Interplay between soil drying and root exudation in rhizosheath development
Albalasmeh, Ammar A. and Ghezzehei, Teamrat A.
Plant and Soil, vol. 374(1-2), pp. 739–751 , 2013.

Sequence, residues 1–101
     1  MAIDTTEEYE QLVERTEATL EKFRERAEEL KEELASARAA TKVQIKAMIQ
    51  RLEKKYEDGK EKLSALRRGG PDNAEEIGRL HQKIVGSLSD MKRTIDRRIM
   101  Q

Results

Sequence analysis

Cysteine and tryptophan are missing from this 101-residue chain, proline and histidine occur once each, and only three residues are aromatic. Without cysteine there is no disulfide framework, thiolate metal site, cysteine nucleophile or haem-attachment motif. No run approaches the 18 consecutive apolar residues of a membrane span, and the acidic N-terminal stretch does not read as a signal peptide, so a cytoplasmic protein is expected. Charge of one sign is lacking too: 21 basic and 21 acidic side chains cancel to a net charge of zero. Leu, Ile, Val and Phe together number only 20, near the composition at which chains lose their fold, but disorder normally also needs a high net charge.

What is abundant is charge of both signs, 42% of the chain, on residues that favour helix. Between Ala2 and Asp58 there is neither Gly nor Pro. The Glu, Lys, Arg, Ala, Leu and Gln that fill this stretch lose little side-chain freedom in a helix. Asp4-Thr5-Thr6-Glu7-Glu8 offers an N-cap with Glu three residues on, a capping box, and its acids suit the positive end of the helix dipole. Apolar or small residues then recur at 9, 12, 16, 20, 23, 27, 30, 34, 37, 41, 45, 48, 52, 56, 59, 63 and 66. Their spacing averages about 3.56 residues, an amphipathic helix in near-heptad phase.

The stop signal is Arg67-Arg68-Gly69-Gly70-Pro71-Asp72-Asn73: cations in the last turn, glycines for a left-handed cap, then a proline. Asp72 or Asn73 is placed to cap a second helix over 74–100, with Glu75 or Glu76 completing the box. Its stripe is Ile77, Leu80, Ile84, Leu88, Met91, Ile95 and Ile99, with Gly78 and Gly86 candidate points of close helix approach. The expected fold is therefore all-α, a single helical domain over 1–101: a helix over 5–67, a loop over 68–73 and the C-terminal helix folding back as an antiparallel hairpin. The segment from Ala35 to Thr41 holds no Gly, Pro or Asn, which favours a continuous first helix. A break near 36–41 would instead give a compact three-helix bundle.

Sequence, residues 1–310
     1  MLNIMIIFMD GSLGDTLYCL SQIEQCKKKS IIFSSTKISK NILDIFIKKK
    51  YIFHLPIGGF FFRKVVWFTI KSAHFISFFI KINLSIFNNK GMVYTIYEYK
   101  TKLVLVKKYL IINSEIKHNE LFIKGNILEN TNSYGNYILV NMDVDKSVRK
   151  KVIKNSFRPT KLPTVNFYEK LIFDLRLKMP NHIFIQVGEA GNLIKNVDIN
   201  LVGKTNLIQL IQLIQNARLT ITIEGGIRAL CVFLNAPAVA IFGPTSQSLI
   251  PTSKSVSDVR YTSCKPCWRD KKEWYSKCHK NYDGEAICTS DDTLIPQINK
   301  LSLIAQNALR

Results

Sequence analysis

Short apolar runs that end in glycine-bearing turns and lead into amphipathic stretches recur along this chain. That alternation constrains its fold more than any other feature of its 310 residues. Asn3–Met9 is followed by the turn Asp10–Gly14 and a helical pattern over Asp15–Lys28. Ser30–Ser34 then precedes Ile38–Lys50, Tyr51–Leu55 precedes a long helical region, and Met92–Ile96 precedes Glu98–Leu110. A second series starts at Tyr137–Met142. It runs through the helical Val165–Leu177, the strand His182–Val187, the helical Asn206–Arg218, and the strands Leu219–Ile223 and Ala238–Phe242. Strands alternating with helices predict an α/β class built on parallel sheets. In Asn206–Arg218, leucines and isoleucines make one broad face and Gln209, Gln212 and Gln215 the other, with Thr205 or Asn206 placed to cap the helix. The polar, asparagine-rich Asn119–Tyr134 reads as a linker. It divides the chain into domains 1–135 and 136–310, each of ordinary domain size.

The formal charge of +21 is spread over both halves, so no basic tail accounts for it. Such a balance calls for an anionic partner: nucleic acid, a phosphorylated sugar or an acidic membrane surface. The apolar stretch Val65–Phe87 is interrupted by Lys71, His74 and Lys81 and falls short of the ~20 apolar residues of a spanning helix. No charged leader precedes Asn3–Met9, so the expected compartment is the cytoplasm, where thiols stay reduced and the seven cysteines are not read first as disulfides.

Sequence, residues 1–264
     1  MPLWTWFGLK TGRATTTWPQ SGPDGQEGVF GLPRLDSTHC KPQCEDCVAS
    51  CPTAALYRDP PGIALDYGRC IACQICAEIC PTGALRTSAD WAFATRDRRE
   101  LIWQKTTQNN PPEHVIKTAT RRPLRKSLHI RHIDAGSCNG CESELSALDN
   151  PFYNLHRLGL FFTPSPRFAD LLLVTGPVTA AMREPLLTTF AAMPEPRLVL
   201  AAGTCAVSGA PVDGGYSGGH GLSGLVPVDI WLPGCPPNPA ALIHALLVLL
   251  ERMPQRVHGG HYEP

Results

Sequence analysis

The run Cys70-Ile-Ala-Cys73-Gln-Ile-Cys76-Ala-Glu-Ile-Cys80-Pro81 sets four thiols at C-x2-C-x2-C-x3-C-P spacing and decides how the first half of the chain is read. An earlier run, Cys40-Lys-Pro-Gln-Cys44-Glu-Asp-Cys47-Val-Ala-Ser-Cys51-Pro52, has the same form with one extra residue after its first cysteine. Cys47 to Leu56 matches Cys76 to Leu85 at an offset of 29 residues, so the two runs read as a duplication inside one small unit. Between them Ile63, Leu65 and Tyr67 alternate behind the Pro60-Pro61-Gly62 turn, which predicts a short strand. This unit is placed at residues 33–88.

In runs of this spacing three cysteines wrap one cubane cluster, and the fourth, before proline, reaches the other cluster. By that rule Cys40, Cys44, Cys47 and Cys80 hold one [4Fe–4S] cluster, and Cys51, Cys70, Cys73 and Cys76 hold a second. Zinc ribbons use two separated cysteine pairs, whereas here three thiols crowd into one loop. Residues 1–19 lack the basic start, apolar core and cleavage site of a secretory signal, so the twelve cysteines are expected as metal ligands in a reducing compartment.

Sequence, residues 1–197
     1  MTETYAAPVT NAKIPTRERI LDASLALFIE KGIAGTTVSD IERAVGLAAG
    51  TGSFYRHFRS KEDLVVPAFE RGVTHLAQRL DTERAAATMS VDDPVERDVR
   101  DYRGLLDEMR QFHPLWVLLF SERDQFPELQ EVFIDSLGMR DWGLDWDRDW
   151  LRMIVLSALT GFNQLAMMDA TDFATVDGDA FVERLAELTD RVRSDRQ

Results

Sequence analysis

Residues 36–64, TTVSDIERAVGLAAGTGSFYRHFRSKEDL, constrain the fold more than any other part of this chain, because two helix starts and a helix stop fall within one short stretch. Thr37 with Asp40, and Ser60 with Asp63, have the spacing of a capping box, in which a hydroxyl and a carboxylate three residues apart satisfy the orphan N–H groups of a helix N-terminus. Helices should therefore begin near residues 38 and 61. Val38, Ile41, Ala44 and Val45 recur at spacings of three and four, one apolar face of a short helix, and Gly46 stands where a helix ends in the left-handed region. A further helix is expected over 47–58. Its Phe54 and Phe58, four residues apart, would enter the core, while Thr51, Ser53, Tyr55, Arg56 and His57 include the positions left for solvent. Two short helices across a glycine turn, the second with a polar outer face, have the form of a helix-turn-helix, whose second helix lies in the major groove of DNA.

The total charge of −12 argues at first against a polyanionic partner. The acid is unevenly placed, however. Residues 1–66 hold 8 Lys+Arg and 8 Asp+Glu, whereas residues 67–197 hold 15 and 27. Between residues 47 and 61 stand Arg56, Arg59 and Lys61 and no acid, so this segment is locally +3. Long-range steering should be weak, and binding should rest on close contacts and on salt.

Background and Aims Wetting-drying cycles are important environmental processes known to enhance aggregation. However, very little attention has been given to drying as a process that transports mucilage to inter-particle contacts where it is deposited and serves as binding glue. The objective of this study was to formulate and test conceptual and mathematical models that describe the role of drying in soil aggregation through transportation and deposition of binding agents. Methods We used an ESEM to visualize aggregate formation of pair of glass beads. To test our model, we subjected three different sizes of sand to multiple wetting-drying cycles of PGA solution as a mimic of root exudates to form artificial aggregates. Water stable aggregate was determined using wet sieving apparatus. Results A model to predict aggregate stability in presence of organic matter was developed, where aggregate stability depends on soil texture as well as the strength, density and mass fraction of organic matter, which was confirmed experimentally. The ESEM images emphasize the role of wetting-drying cycles on soil aggregate formation. Conclusions Our experimental results confirmed the mathematical model predictions as well as the ESEM images on the role of drying in soil aggregation as an agent for transport and deposition of binding agents.